Research on essential oils and their many therapeutic uses has been greatly enhanced by the development of new extraction technologies. One of the latest developments is supercritical CO2 extraction, a process which enables the isolation of specific molecules within plants that are linked to health benefits for humans. These active molecules can be extracted from the plants and then used to create advanced formulations, increasing the effectiveness of plant properties to a degree that could not have been hoped for in the past. This is wellbeing at a molecular level.
What are terpenes?
One highly popular and innovative target for supercritical CO2 extraction are terpenes. There are over 30,000 naturally occurring varieties of these superstar substances. Terpenes are aromatic compounds that are abundantly present in plants and are composed of hydrogen and carbon atoms. When inhaled, terpenes can interact positively with specialised receptor cells in the human body, affecting the nervous, endocrine and even the immune system. Terpenes have become a research focus with the aim of exploring how they might be manipulated to provide specific health benefits to humans.
What effects do terpenes have?
Terpenes are volatile compounds and can therefore be easily absorbed through inhalation. When terpenes are inhaled, they interact with hundreds of different olfactory receptor proteins that are found on sensory neurons (nerve cells) inside the human nose. These receptors are tailored to communicate with many different substances in the environment. Terpenes achieve their calming and healing effects via these receptors, which are linked via neurotransmitters to the limbic system, particularly the hypothalamus gland. The hypothalamus is the section of the brain that triggers the release of hormones from the pituitary gland, thus creating the link between the nervous and hormonal systems.As the olfactory system is linked to the centres of the brain that regulate both emotions and hormone production, an increased incidence of terpene inhalation has the potential to affect bodily processes from stress to inflammation.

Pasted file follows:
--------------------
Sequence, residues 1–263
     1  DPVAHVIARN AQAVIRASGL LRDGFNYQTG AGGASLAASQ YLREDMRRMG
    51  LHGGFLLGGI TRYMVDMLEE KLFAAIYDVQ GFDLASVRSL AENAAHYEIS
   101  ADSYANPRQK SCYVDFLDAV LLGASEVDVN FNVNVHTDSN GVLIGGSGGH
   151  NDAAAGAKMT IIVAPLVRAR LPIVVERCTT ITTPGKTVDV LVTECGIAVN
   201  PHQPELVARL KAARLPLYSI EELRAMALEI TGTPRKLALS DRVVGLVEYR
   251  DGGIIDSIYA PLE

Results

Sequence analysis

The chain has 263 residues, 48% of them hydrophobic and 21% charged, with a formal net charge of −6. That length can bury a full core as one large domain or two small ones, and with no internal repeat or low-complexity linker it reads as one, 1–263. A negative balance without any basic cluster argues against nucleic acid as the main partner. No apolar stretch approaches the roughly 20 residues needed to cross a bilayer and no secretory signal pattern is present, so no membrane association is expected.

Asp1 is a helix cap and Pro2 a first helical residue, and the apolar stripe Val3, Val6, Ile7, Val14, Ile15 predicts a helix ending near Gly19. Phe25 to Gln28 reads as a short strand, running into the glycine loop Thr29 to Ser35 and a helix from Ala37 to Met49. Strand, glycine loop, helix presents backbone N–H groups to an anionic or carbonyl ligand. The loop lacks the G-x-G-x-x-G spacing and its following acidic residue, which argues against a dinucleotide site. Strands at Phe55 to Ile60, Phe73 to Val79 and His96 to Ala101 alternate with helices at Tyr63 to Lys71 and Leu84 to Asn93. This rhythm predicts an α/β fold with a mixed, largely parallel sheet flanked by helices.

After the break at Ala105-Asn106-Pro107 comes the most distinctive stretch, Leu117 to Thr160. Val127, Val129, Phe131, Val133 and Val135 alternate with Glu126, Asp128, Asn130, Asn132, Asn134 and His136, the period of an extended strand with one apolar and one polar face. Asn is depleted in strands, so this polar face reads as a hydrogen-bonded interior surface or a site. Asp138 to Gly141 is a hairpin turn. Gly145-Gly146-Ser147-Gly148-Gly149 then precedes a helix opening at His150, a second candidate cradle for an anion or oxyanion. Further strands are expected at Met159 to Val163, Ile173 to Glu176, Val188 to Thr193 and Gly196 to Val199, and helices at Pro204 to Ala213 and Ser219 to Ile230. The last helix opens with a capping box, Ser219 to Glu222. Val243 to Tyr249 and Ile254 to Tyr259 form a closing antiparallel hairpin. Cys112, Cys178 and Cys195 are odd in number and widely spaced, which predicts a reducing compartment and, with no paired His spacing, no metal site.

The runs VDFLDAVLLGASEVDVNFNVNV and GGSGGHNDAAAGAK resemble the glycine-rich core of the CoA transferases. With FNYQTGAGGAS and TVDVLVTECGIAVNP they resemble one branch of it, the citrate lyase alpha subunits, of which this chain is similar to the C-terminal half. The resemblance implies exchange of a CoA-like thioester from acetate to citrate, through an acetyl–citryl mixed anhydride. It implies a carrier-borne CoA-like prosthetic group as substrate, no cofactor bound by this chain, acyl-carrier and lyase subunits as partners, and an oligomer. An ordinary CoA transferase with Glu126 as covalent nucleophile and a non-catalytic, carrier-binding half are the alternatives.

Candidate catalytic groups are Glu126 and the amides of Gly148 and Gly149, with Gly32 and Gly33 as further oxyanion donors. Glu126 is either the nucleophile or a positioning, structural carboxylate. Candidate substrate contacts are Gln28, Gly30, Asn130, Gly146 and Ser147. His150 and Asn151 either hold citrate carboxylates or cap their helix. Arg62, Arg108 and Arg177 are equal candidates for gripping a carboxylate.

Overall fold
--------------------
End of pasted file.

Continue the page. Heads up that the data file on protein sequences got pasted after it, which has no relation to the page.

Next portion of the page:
Types of terpenes
While there are thousands of individual terpenes, they are often classified according to their structure.
Monoterpenes are the least complex and most volatile of the terpene family. One common monoterpene is linalool, found in abundance in Lavandula angustifolia or true lavender. Lavender is a common natural wellbeing remedy, used in many pillow sprays and bath salts that promote deeper and easier sleep, inviting us to drift off comforted by thoughts of faraway purple meadows. However, the relaxing effects of lavender derive not only from these positive associations, but also from the presence of linalool and other anxiolytic (anxiety-reducing) compounds in its essential oil.
Another monoterpene is pinene, which produces the recognisable scent of pine and fir trees. The anti-anxiety properties associated with pinene contribute to the success of a Japanese practice known as forest bathing [link to balance mind], which links an improved sense of wellbeing and calm with long walks through coniferous forests.